Go to now, ye rich men, weep and howl for your miseries that shall come upon you. Your riches are corrupted, and your garments are motheaten. Your gold and silver is cankered; and the rust of them shall be a witness against you, and shall eat your flesh as it were fire. Ye have heaped treasure together for the last days. Behold, the hire of the labourers who have reaped down your fields, which is of you kept back by fraud, crieth: and the cries of them which have reaped are entered into the ears of the Lord of sabaoth ( James 5:1-4). . . .

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  7. Mormon Heretic on November 14, 2011 at 1:33 PM

    me, there have been several congressman that have stated that if gay marriage becomes the law of the land, there will be no reason to ban polygamy. Additionally, at the MHA meetings last year, there was a panel of Mormon lawyers and FBI agents that felt that the current Supreme Court would rule in favor of religious freedom and strike down polygamy laws.

    Only Texas and Utah have tried to prosecute polygamists, and in both cases they have avoided polygamy statutes and used other means (child abuse, rape) to avoid tackling the question of religious freedom. I do think that if gay marriage is legalized, there will be no reason to stop consenting adults from marrying (which is why hardly anyone is prosecuted for bigamy.)

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  8. jks on November 14, 2011 at 1:46 PM

    Regular wives are also socialist in their families with their husbands and children. That’s what families usually do.

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  9. hm on November 14, 2011 at 1:54 PM

    the last one he married, the brunette from st. george, is the best looking.

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  10. Cowboy on November 14, 2011 at 2:14 PM

    Whether socialism or capitalism “work” is probably a discussion all on its own. Most importantly we would have to argue what the standards of measurement are, but generally I think we can make a good argument that American capitalism seems to have been a success so far.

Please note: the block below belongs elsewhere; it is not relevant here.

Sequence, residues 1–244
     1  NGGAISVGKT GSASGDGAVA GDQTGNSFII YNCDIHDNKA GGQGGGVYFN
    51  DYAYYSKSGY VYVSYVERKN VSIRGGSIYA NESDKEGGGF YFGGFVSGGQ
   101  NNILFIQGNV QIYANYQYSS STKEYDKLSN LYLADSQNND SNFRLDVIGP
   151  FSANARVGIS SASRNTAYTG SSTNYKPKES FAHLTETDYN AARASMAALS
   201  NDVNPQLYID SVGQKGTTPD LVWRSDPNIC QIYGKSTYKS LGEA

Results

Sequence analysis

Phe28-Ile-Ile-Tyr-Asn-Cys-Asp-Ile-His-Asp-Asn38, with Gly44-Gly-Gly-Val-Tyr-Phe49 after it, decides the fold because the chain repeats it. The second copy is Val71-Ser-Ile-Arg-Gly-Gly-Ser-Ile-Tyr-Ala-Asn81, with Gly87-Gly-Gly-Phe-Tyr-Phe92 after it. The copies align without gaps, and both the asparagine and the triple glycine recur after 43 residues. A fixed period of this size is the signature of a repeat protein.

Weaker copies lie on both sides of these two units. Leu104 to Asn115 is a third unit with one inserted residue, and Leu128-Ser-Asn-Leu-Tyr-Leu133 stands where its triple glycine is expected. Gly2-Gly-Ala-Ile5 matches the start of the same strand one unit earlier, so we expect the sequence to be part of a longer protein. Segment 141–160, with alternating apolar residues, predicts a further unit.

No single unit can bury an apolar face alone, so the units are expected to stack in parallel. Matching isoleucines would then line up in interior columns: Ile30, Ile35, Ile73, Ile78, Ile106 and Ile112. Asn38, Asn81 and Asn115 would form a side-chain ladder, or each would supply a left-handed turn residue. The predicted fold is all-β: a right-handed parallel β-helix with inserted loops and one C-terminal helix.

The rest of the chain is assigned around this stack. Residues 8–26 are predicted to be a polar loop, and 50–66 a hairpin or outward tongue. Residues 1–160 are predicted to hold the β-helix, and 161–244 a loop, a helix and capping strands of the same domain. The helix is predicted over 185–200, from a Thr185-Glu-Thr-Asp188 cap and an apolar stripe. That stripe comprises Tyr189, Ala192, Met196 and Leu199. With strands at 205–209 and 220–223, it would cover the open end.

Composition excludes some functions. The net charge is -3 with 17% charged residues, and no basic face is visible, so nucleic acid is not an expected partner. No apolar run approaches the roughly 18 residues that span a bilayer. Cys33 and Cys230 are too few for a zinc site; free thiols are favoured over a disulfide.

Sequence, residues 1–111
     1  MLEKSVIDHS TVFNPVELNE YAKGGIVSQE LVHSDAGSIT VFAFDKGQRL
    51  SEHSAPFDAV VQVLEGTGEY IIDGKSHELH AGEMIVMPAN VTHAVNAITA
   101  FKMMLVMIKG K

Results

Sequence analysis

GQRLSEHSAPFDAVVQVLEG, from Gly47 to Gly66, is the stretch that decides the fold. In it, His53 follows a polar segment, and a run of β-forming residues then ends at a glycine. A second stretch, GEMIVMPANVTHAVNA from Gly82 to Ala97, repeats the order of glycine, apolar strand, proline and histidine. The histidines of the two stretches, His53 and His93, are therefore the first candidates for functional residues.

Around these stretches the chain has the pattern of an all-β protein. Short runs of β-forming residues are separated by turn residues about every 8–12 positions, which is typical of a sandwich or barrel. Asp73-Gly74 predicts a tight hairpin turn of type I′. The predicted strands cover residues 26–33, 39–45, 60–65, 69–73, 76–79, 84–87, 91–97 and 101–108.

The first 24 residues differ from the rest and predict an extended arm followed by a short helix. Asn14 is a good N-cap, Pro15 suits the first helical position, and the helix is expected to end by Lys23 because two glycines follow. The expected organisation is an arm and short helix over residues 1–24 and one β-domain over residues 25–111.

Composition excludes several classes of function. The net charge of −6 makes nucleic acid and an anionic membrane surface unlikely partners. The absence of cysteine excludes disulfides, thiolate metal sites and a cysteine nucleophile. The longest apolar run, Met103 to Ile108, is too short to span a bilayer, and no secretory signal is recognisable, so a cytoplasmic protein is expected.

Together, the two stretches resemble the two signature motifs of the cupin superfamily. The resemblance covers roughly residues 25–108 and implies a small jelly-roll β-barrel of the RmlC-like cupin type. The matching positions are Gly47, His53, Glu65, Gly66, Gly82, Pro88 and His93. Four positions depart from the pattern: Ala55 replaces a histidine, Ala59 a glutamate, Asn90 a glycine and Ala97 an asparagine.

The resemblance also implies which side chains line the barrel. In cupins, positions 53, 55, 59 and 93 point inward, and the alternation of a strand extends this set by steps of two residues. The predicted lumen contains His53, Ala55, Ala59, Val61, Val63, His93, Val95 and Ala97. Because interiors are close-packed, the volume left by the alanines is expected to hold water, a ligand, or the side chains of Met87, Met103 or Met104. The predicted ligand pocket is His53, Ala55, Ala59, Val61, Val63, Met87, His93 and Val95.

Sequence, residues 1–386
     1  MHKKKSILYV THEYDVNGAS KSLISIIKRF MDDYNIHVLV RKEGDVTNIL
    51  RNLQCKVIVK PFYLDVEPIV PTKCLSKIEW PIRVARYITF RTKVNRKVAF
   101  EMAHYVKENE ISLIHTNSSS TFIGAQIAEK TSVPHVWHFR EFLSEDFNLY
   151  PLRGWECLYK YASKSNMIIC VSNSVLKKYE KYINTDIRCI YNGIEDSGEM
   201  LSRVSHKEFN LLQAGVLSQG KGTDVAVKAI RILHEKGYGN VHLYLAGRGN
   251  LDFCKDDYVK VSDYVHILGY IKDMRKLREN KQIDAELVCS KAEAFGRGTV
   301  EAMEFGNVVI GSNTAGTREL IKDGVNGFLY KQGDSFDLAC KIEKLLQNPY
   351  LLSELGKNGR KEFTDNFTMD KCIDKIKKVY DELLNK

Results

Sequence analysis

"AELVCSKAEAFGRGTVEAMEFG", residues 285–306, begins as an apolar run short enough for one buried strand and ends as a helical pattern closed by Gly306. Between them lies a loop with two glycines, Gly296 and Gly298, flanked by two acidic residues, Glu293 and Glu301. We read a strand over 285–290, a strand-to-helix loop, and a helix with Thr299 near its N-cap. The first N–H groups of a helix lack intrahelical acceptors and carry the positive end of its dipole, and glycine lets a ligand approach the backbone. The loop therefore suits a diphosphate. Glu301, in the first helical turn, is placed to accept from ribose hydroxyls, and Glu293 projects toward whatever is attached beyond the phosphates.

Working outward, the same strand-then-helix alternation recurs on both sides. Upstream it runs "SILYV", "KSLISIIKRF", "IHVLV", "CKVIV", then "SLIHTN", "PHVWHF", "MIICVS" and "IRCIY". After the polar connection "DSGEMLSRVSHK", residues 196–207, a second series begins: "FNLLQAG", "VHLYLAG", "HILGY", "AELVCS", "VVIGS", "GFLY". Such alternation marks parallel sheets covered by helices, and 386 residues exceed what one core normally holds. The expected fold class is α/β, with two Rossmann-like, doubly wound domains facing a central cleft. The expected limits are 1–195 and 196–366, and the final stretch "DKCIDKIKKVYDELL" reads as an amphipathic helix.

As for the theology of Mormon economics, that’s another matter. I find Will’s argument rather interesting, particularly in the current climate of Mormons insisting they be recognized as a Christian faith – because the grace of Christ is just what he missed in his view of the economics of salvation. Wouldn’t the grace of Christ be seen as some sort of wealth redistribution from the “State”? Granted, Christ does not exactly accumulate surplus virtue from the masses to disseminate according to needs, but heck, this is just a metaphor. Overall, the idea is that we are all indebted to the State that paternalistically provides for excess capacity of our needs. Even among socialist states, members of society do have “some” responsibility to meet a level of their needs – the State just accounts for the difference. How is this different from Christ?

    Mathmatically the comparisons fail to some extent, but I think the principles are there. In economics, we assume that each household has defined needs. Some are able to produce to the satisfaction of these needs plus a surplus, whereas others produce below those needs. In priniple, the idea is if we take all of the surplus, actuarially we can redistribute it among those running a deficit, and come out with everyone having those basic needs met. In Salvation it is impossible for anyone other than Christ to produce a surplus, so the notion redistributing our collective salvivific wealth doesn’t fit. Still, we each must pay a tax of obedience to the Law’s and Ordinances of the Gospel, under the threat of less glory, so I am not sure how capitalistic the Mormon plan of Salvation is. At least not in doctrine.

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  11. jmb275 on November 14, 2011 at 3:11 PM

    Well, I just don’t get it.

    Don’t get me wrong, I’m not anti-capitalism, but unregulated capitalism is not godly or fair, and I don’t think that our economy will be the economy of heaven.

    Of course it won’t be. Our economy isn’t unregulated capitalism. Are you under some weird impression that it is?

    MH, if I may be slightly critical, with no offense intended. Could you define fair, or godly? Could you come up with a definition of fair that doesn’t reek of bias toward what YOU consider to be moral. It can’t be done, because what is “fair” is in the eyes of the beholder. And that, my friend, is the problem. The only “fair” thing to do is to let people define what THEY think is fair and act accordingly (with exceptions when aggression toward another person or their property takes place).